The Klansman seemed to have Mona Lisa eyes—wherever I moved, his gaze seemed to follow me. It had this looming presence that filled the room. Even when I tried to avoid looking at it by studying other artwork, all I could think about was it. My mind was playing tricks on me.
Throughout the exhibit, other Klansmen mannequins were standing around. At some point, I noticed that they were all wearing LGBT rainbow socks with Birkenstocks and each one had a happy-face decal on its gown. An attendant caught me staring at the socks and explained that it was a juxtaposition of extremist views. Ku Klux Klan equals hate and violence; hippies equal love and peace. Get it?
I did, but it didn’t make me feel any better. I stayed as far away from them as possible because they freaked me out. I was thinking of all the fear they brought up in me, a person who has never been called the n-word or had to drink from a “Coloreds Only” fountain or live through de facto segregation and who finally chose to vote for the first time nearly a decade after I could because I took for granted that I could.
And I thought about the black people who were bold enough to register to vote and, because of that, woke up in the middle of the night with deranged, hooded men in bedsheets burning crosses in their yards. I thought of the people who were terrorized and lynched with no one to complain to because the terrorists in the yard were the officials who were causing the problem. I thought about death and tragedy and how black Americans must have a serious case of post-traumatic stress disorder.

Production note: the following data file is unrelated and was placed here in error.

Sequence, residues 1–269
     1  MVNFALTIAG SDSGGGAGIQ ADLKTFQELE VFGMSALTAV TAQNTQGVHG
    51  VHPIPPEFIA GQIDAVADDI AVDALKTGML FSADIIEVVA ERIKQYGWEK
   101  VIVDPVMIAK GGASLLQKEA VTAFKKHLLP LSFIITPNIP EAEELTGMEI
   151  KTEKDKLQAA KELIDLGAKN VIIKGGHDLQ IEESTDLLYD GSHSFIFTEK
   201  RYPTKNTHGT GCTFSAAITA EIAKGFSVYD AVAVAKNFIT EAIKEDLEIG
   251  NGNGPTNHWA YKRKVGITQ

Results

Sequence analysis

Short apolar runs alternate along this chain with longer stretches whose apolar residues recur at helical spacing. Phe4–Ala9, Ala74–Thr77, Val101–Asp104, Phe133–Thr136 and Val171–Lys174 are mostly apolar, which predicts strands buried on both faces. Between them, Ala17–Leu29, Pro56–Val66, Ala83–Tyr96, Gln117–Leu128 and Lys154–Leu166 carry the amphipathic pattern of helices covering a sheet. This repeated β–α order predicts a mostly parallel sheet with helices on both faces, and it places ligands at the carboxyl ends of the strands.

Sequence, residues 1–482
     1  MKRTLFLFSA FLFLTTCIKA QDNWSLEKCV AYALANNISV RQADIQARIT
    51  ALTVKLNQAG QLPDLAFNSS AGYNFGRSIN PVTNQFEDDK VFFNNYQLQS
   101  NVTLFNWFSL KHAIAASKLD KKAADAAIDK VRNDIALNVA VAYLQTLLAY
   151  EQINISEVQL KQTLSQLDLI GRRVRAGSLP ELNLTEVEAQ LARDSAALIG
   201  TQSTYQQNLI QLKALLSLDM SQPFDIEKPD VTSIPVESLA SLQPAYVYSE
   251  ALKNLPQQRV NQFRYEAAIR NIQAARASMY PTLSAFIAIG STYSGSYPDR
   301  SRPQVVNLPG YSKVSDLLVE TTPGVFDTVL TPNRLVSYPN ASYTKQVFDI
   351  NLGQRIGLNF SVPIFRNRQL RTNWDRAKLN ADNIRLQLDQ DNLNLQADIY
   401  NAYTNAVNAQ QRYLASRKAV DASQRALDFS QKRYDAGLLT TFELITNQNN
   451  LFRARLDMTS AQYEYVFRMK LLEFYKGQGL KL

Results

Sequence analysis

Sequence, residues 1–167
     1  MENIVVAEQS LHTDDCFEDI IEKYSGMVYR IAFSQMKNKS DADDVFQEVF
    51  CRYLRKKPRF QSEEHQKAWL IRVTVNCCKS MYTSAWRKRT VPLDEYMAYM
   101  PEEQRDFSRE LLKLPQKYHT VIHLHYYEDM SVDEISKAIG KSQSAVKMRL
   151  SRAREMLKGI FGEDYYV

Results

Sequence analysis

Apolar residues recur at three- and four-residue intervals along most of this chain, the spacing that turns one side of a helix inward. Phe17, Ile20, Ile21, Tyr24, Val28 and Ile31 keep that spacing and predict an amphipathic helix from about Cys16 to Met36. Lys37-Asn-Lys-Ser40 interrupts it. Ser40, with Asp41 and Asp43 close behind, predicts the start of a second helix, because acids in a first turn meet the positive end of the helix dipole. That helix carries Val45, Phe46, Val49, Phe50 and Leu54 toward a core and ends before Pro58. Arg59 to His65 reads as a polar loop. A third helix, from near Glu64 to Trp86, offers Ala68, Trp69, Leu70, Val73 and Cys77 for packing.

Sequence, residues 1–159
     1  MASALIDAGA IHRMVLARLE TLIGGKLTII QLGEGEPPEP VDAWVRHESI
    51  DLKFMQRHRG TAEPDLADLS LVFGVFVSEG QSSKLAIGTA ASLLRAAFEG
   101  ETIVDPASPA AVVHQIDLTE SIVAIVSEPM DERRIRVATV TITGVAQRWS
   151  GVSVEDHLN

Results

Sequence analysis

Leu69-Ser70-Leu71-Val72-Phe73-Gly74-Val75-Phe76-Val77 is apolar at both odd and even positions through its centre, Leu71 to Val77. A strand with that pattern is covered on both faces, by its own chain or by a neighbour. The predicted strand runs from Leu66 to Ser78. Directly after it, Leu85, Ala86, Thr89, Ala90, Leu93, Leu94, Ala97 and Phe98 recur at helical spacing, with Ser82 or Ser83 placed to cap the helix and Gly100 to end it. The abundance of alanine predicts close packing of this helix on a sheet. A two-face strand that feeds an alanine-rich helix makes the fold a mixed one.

At the end of the exhibit—in an adjacent building—I turned into a room and freaked all the way out. There were 20 white-hooded mannequins. As I took them all in, it was as though a wall went up in front of me. Some part of my brain responsible for self-preservation got me the hell out of there and back into the lobby.
The attendant looked alarmed. Apparently I was the first person to have this reaction. I guess they don’t get a lot of black Americans here, because I couldn’t imagine any black American not responding this way.
He started explaining the history of the KKK to me, as if I, a black American—with a daddy from Mississippi and a granddaddy who left Georgia at 16 with nothing because he was tired and scared of white folks—hadn’t heard the stories all my life. I cut him off, explaining in so many words that the KKK meant black people died. Oh, and the museum should put up a “trigger warning” so black people, particularly Americans, don’t freak out in here.
He nodded and said he got it. But he didn’t. When I asked where the ladies’ room was, he pointed back into the room with all those hooded mannequins and said it was on the other side. I told him I’d hold it instead.
Demetria L. Lucas is a contributing editor at The Root, a life coach and the author of A Belle in Brooklyn: The Go-to Girl for Advice on Living Your Best Single Life and the upcoming Don’t Waste Your Pretty: The Go-to Guide for Making Smarter Decisions in Life & Love. Follow her on Twitter.